Previous: Revelation 3:9 - Continued 5

"I know your works. See, I have set before you an open door, and no one can shut it; for you have a little strength, have kept My word, and have not denied My name.- Revelation 3:8

Now we continue our study of the reasons for the amazing age of modern missions. As we have seen, it was, first of all, a great period of revivals and a renewed emphasis on the work of the Holy Spirit. There were at least four other major factors. In general, the progress of each of these avenues of progress developed concurrently with the others.

This is not an exhaustive list. For every item mentioned, there were many other missionary advances made during this time.

2 - Proliferation of Bible translation and printing

Just as the invention of the movable type printing press had a great impact on the Reformation, so the continued improvement of printing technologies and lower costs for books helped make this age of missionary expansion possible. The most effective missionary work required translation of God's Word into the language of the people who needed to hear the Gospel. Once the Bible, or even a small portion of it, had been translated, it was then necessary to provide copies to the people. In many cases missionaries needed to teach them to read also. So Bible translation, printing and education were basic methods of missionary evangelism.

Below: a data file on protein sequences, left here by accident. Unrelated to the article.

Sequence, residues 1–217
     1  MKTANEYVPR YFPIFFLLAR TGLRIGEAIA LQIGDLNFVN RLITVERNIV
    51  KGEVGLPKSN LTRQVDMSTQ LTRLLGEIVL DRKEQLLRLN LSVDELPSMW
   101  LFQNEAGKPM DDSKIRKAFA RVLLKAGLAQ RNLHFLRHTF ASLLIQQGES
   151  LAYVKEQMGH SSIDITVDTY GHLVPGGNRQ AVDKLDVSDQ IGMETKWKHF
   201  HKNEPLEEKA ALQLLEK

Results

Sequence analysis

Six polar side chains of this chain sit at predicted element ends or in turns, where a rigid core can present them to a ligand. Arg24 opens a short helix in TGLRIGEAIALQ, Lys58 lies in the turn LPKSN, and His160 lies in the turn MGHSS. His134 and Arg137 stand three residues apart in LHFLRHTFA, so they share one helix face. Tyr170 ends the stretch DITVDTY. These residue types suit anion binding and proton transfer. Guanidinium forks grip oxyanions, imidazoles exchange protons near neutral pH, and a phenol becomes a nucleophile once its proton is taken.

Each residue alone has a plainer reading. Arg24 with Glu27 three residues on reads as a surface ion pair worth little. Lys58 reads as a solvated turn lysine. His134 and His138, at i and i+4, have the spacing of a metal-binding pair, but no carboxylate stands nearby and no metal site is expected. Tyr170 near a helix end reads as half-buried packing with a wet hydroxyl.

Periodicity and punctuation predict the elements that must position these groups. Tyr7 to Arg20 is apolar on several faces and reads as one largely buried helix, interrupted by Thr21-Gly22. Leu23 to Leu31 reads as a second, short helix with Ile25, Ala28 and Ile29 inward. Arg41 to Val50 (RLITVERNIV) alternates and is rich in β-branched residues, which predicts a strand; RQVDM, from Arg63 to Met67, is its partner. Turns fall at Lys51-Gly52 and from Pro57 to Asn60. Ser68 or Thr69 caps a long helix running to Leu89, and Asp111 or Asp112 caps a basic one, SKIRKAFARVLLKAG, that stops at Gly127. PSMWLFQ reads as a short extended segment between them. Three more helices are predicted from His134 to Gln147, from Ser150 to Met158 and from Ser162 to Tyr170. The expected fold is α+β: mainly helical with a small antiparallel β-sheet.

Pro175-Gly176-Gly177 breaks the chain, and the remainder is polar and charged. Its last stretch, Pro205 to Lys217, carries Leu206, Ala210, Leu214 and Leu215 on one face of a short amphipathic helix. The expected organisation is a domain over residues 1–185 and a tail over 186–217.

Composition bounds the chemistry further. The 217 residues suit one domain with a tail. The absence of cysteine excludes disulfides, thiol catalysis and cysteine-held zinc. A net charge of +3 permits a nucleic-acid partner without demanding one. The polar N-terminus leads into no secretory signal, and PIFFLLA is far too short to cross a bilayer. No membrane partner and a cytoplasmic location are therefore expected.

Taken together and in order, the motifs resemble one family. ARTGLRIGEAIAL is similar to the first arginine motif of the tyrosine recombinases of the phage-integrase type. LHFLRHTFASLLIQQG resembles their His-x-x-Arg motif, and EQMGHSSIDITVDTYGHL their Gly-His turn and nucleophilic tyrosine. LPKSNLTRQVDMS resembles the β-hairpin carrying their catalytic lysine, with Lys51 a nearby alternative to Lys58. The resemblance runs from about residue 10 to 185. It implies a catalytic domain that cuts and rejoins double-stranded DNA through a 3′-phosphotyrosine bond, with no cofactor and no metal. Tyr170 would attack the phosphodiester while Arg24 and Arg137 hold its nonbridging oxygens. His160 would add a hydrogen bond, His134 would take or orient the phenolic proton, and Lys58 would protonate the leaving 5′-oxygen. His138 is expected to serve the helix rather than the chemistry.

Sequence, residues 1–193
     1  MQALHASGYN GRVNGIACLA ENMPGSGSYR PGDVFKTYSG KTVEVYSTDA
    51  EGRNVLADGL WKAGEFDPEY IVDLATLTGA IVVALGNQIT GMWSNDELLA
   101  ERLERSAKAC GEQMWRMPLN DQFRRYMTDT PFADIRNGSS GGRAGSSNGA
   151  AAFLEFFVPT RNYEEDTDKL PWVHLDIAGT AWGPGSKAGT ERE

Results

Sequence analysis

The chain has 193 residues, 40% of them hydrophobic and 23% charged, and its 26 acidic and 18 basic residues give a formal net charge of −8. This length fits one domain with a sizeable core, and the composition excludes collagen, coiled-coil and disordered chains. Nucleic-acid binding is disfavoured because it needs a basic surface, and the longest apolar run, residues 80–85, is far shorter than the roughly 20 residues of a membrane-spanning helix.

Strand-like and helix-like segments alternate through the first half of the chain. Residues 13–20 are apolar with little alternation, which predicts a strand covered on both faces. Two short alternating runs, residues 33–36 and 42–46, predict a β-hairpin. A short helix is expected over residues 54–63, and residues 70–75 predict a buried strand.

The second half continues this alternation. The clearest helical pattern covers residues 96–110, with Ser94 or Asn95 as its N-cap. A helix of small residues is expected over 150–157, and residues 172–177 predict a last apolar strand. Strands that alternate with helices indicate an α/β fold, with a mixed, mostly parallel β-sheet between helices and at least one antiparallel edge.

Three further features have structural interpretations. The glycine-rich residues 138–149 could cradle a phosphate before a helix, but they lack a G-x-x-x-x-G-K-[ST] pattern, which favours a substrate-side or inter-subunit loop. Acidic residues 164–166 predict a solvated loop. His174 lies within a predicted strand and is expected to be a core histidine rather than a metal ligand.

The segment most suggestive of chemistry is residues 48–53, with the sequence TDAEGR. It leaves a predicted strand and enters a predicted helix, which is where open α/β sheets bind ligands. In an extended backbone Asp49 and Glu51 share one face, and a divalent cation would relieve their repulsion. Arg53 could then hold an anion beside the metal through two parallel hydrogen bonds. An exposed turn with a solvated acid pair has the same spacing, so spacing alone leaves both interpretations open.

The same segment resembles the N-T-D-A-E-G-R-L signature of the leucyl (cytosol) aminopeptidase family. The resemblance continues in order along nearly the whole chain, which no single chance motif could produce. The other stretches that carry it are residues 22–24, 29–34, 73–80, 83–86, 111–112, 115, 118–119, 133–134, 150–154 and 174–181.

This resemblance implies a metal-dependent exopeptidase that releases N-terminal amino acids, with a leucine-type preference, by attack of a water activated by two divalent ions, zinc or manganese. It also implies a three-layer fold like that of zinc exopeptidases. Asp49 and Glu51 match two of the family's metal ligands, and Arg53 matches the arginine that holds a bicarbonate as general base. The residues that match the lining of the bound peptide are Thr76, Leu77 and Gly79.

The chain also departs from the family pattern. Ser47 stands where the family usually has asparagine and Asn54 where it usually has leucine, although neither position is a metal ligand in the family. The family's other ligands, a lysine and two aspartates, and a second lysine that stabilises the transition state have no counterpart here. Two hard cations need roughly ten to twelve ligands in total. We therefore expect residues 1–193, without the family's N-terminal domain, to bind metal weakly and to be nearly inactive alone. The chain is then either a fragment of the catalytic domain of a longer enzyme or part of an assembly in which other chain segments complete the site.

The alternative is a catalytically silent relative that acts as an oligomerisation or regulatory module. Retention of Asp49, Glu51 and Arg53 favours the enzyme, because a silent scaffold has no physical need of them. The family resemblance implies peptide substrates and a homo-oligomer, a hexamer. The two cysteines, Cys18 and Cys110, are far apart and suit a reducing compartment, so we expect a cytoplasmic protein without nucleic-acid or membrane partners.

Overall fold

In 1804 the British and Foreign Bible Society was formed to address the problem that most people could not afford a Bible. The American Bible Society was then launched in 1816. Ten years later it sent the first shipment of Bibles to Mexico. Over the course of time new Bible Societies have been formed in numerous places all over the world.